________________ CM . . . . Volume XI Number 7 . . . . November 26, 2004


Wow! The Most Interesting Book You’ll Ever Read About the Five Senses. (Mysterious You).

Trudee Romanek. Illustrated by Rose Cowles.
Toronto, ON: Kids Can Press, 2004.
40 pp., pbk. & cl., $7.95 (pbk.), $14.95 (cl.).
ISBN 1-55337-630-7 (pbk.), ISBN 1-55337-629-3 (cl.).

Subject Heading:
Senses and sensation-Juvenile literature.

Grades 3-7 / Ages 8-12.

Review by Gail Hamilton.

**** /4


In 1895, a nine-year-old boy named Tom swallowed a huge gulp of what he thought was a cold drink. Unfortunately, it was boiling hot chowder. Tom burned his esophagus- the tube leading from his throat to his stomach- so badly that as it healed, scar tissue sealed it shut.

Doctors inserted a tube straight into Tom’s stomach to feed him, but he lost weight and always felt hungry.

Then Tom wondered if tasting his meals would help. So, before each feeding, he chewed a mouthful of the food. Tom began to gain weight and stopped feeling hungry. Just tasting his food made a huge difference.


Romanek has another sure-fire winner with this seventh book of the “Mysterious You” series. What separates this book from others on the same topic is the inclusion of little-known facts, information about unique inventions designed to improve humans’ perceptions of the world through their senses, and fun experiments that can be done with little or no adult supervision.

     In the seven chapters, Romanek explains how the brain works to help people experience the senses, humans’ dependence on the senses, how senses change with age and a little about the keener senses of various animals. Readers will learn about the anatomy of the eye, normal vision versus near and far-sightedness, depth perception and how humans see colours. The section on hearing has information about hearing loss and the pitch, amplitude and frequency of sound. Taste cells, how smell affects a food’s flavour and how scientists develop new flavours of ice cream are just a few of the topics regarding the sense of taste. The chapter on smell provides facts about smell memories, aromatherapy, the connection between smell and epilepsy and how deodorants and other products are developed with the help of professional armpit and foot sniffers (eew!). Finally, the section about touch explains how touch sensors on the skin and other parts of the body send messages to the brain about pain, itches, tickles and the texture of various objects. No book about the senses would be complete without details about how the senses all work together to provide humans with their perceptions of the world around them. One such example is the experiment in which three acrobats were asked to balance on one another’s shoulders. Their balance was perfect until the room’s lights were turned off, causing the acrobats to collapse. This experiment proved that the brain needs clues from three different places- including sight- to help people balance.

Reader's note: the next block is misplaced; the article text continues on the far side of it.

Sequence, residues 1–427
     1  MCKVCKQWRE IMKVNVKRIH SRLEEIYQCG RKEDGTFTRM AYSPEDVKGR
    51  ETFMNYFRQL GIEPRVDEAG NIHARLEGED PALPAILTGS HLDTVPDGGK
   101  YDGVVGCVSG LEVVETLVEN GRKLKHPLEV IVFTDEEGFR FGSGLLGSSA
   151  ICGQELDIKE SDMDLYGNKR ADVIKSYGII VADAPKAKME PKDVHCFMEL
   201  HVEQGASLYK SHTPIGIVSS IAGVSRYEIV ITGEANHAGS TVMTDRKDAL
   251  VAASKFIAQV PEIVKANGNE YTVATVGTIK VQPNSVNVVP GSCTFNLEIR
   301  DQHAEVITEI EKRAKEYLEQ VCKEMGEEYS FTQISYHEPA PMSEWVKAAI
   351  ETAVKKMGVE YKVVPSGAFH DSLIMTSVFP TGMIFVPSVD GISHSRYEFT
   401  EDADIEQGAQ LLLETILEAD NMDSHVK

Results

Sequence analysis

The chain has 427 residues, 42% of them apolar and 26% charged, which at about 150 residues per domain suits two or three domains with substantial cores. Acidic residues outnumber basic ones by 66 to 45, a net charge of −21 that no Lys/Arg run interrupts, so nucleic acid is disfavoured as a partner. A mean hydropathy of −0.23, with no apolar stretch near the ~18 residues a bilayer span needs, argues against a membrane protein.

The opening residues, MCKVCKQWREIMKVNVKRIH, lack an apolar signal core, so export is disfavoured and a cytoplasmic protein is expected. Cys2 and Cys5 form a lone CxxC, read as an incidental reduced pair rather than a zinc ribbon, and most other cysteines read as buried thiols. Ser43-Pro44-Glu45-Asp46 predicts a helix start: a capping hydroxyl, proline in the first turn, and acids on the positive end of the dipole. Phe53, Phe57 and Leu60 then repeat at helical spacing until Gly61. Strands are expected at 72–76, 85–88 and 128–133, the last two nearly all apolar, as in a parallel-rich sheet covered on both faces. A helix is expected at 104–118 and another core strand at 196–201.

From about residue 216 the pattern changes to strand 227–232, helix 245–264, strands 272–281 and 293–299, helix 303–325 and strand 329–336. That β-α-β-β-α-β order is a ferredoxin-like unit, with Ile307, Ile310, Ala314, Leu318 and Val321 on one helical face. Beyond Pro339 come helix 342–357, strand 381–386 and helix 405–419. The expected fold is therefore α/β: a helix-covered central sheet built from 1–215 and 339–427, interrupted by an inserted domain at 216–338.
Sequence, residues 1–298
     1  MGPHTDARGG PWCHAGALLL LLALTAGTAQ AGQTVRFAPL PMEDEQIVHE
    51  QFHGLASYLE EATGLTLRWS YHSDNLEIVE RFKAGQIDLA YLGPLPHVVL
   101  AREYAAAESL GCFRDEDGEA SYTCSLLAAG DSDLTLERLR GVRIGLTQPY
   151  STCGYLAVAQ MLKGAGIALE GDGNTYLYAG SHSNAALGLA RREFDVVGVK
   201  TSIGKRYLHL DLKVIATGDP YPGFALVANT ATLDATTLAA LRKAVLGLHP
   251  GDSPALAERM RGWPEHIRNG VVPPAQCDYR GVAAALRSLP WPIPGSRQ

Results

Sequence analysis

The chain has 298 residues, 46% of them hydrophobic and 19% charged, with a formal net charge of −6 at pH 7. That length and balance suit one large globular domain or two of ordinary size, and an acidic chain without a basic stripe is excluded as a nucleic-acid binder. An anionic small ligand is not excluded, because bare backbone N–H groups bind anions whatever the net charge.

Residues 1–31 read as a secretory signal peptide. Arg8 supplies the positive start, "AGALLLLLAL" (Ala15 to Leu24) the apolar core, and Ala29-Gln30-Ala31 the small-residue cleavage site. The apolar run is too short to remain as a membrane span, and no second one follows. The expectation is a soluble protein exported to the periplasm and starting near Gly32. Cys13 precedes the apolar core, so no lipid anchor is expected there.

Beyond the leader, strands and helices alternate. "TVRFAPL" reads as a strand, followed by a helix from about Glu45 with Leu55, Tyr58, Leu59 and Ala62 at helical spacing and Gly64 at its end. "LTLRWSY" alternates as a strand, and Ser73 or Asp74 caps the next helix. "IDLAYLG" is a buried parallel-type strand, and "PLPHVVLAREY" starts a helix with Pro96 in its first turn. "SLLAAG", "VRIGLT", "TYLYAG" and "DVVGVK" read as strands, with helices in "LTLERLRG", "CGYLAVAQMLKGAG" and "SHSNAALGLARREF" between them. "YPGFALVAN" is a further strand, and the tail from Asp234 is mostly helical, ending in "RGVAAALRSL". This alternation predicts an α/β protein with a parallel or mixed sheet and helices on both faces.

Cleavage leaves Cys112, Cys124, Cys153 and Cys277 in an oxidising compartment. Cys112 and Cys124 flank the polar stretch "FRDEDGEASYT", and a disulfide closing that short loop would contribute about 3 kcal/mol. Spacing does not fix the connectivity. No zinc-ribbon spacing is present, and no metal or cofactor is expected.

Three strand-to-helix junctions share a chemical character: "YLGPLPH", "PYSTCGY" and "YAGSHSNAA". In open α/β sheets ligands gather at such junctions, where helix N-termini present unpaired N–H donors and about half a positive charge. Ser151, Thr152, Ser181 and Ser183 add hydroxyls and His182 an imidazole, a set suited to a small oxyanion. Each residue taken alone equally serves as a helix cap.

Identical in layout and style to the other books in the series, this title has diagrams, illustrations and catchy headings, all of which grab the reader’s attention and add a touch of humour to the text. The text is written in kid-friendly language- especially important when Romanek explains more complex scientific concepts. A table of contents and an index are also included.

     Definitely worthy of purchase!

Highly Recommended.

Gail Hamilton is a teacher-librarian at Bird’s Hill School in East St. Paul, MB.

To comment on this title or this review, send mail to cm@umanitoba.ca.

Copyright the Manitoba Library Association. Reproduction for personal use is permitted only if this copyright notice is maintained. Any other reproduction is prohibited without permission.
Published by
The Manitoba Library Association
ISSN 1201-9364
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